On any given day, the average web user may log into as many as a dozen different social web services. Interaction with these sites could involve any number of activities including browsing photography, commenting on blog posts, planning trip itineraries, looking for a lover or updating a resume. While the sequential (or parallel) manner in which we navigate these databases and the generic aesthetic of the web 2.0 interface might suggest these sites form a unified network, that is simply not the case. In engaging the social web we voluntarily fragment our interests, social ties and demographic information in order to make them "machine readable" and allow us to participate in these communities. With these rules of engagement in mind, several recent projects speak to these conditions and explore the notion of web inventories in relation to identity, aggregation and as binding legal agreements.
Move over holographic reporting! With Obama's inauguration coming up tomorrow, many news organizations are experimenting with innovative ways to address the event. Here's a short list:
In tomorrow's issue of the Guardian G2, a number of acclaimed designers and illustrators will reimagine select excerpts from Obama's previous speeches. Click the link to CR Blog above for a quick preview.
In an effort to "...capture the most detailed experience of a single moment ever," CNN will assemble photos sent in by users into one epic photosynth. Almost every major news source seems to be inviting photo submissions from attendees, but CNN are clearly trying to put themselves ahead of the pack by assembling them all into 3D.
These two projects from the talented interactive team at the NY Times illustrate the public's future aspirations for the presidency and the vocabulary used in inaugural speeches. Over 200 people shared their hopes for the Obama presidency in interviews conducted for I Hope So Too, a section that groups these recordings by theme. Visitors can agree with the statements made, or alternately offer up their own hopes, it theirs aren't represented. Inaugural Words: 1789 to the Present depicts, in a tag cloud for each president, the most-used words from previous inaugural addresses.
The only non-news organization on this list, the company behind the GeoEye-1 satellite, which generates images for Google Maps and Google Earth ...
"Shifting Polarities: Exemplary Works of Canadian Electronic Media Art Produced Between 1970 and 1991" by Caroline Langill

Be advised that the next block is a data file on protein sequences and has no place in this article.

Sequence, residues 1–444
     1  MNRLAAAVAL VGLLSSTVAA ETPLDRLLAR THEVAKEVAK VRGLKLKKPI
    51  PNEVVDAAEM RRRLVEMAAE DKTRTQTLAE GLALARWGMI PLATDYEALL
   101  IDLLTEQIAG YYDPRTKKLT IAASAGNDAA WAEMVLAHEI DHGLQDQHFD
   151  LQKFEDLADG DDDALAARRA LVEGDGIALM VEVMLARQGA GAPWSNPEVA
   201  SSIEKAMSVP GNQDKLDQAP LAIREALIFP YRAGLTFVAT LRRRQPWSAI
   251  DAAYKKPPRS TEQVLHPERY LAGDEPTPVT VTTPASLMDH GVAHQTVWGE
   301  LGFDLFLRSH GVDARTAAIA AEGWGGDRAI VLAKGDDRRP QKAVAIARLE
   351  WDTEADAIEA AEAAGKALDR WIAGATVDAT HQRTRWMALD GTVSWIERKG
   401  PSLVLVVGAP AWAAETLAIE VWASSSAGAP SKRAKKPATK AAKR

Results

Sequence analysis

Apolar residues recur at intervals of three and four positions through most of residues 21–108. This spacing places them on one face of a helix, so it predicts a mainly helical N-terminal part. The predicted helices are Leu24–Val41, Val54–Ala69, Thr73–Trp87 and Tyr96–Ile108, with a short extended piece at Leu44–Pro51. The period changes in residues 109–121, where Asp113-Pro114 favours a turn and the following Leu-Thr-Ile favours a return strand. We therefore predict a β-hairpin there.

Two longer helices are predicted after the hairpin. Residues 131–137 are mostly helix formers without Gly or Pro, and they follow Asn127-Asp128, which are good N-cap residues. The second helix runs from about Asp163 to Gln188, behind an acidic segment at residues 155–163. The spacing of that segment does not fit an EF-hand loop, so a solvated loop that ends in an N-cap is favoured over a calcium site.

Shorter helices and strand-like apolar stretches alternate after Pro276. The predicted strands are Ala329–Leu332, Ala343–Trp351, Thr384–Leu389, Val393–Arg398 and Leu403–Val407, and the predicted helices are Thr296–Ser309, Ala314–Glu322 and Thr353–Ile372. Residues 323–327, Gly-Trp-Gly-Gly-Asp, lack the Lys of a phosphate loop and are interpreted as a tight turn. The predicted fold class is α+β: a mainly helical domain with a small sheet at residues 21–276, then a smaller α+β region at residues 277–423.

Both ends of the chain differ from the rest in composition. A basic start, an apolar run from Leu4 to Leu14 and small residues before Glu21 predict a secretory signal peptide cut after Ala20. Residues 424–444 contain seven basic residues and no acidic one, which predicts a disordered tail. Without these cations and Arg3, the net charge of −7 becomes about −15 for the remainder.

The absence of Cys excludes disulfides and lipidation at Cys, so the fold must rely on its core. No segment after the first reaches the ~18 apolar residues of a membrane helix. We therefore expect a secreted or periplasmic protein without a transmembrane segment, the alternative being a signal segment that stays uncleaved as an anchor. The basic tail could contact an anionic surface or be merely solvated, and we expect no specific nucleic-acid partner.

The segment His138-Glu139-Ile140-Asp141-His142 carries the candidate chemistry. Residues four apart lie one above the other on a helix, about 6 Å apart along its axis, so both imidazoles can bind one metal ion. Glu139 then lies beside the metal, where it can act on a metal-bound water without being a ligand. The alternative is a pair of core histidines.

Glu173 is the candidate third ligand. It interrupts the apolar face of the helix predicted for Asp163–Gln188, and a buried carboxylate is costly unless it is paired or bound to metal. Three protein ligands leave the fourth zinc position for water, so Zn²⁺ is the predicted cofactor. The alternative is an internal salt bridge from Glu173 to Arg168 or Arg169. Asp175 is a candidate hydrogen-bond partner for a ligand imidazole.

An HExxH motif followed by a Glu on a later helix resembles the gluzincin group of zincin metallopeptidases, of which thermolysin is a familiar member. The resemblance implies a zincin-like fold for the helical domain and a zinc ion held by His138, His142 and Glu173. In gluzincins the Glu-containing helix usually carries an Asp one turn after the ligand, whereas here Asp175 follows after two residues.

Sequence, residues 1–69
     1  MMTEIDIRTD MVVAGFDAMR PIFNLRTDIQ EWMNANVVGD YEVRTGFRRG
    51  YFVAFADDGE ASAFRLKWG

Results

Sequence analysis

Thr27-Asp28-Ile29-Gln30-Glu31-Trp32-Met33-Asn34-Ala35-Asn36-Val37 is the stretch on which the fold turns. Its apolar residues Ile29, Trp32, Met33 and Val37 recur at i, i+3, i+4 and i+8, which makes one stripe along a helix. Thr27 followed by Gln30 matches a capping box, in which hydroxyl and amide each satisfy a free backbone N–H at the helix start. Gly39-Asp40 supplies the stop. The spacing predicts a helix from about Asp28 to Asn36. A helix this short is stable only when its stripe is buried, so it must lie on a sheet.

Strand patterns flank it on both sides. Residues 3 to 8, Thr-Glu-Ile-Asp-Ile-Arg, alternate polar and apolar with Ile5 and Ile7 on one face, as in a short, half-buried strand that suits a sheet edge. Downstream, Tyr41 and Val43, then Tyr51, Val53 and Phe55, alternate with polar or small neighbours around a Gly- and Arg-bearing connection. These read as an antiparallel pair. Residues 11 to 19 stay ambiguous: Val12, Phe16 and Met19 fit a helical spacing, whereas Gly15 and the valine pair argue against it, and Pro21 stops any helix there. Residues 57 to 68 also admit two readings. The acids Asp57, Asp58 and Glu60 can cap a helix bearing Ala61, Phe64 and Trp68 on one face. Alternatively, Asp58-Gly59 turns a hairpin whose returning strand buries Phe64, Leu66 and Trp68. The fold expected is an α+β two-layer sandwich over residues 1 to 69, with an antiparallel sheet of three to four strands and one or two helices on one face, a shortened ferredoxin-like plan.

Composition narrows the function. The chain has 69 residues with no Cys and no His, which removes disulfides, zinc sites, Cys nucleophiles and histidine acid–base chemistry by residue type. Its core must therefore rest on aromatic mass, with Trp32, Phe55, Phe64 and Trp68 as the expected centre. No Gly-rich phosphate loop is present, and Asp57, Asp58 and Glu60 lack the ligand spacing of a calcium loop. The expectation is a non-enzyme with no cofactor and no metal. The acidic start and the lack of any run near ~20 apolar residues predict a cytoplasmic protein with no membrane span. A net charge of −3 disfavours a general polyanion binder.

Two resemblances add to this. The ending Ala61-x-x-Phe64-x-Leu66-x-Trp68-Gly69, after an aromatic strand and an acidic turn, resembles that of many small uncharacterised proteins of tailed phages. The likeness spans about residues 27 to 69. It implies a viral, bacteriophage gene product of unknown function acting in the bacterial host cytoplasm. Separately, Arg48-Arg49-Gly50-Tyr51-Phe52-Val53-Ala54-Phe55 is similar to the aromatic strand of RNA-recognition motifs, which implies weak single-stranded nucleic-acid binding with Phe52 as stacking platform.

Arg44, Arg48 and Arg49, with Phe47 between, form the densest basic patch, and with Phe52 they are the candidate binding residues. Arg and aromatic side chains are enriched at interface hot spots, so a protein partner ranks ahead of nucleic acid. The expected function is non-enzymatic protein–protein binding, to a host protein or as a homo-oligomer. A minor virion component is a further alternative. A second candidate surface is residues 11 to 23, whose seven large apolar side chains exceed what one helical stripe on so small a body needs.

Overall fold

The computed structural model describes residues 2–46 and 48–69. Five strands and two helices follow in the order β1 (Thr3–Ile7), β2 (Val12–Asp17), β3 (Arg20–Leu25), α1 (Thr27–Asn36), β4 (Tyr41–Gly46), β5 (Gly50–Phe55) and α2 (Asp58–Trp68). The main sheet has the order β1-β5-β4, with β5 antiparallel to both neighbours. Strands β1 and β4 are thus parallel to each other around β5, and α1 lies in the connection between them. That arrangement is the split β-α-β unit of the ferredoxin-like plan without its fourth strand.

In this research project funded by Montreal's Daniel Langlois Foundation for Art, Science, and Technology, artist, researcher and academic Caroline Langill selected pioneering examples of electronic and new media art produced by Canadian artists from 1970 to 1991. The introductory statement expresses a need to write this report in order to construct an understanding of the greater trajectory of Canadian new media art, whose history has remained under-documented. Langill chose artworks according to their exhibition history, larger recognition in terms of precedence for later artworks and innovation in audience interaction, and their technological contribution. I know little about this subject myself, and I found Langill's series of artist interviews, accompanying essay, and image library quite instructive. I was also impressed by the fact that at least half of the artists discussed here are women, which arguably was not the case in other contexts. See below for a few works from the project, click the link to access Shifting Polarities.
Mattress Factory went live with their iConfessional kiosk recently, which allows visitors to instantly post response videos to museum exhibitions using YouTube's Quick Capture feature. Mattress Factory's Jeffrey Inscho got the idea from the Brooklyn Museum, who built a video response station for their exhibition The Black List Project using the same technology. Both illustrate ways museums are attempting to use the web to enhance visitor experience; as the lowercase "i", Apple's signature branding for personal customization, they are geared towards allowing visitors to visualize and share their responses to the exhibition, i.e. leave their personal mark. Simple and inexpensive to implement, it's not difficult to imagine that stations like these will become more commonplace. I viewed an installation of Kit Galloway and Sherrie Rabinowitz's Hole-In-Space (1980) at the "Art of Participation" exhibition at SFMOMA two weeks ago and I was both amused and blown away by the footage. In the work, crowds in New York City and LA could video conference with one another via this public installation. The crowds were clearly elated about this possibility, hooting and hollering at live feeds of their counterparts on the other side of the country. It was amazing to see their excitement, especially now that video conferencing has become so ubiquitous. This activity hits at the heart of participation online -- but it also raises questions in regards to the limits of this sort of participation, especially if it is realized in the form of talk back mechanisms, such as video kiosks, which are simply an addendum to a larger exhibition, and do not influence its scope or shape.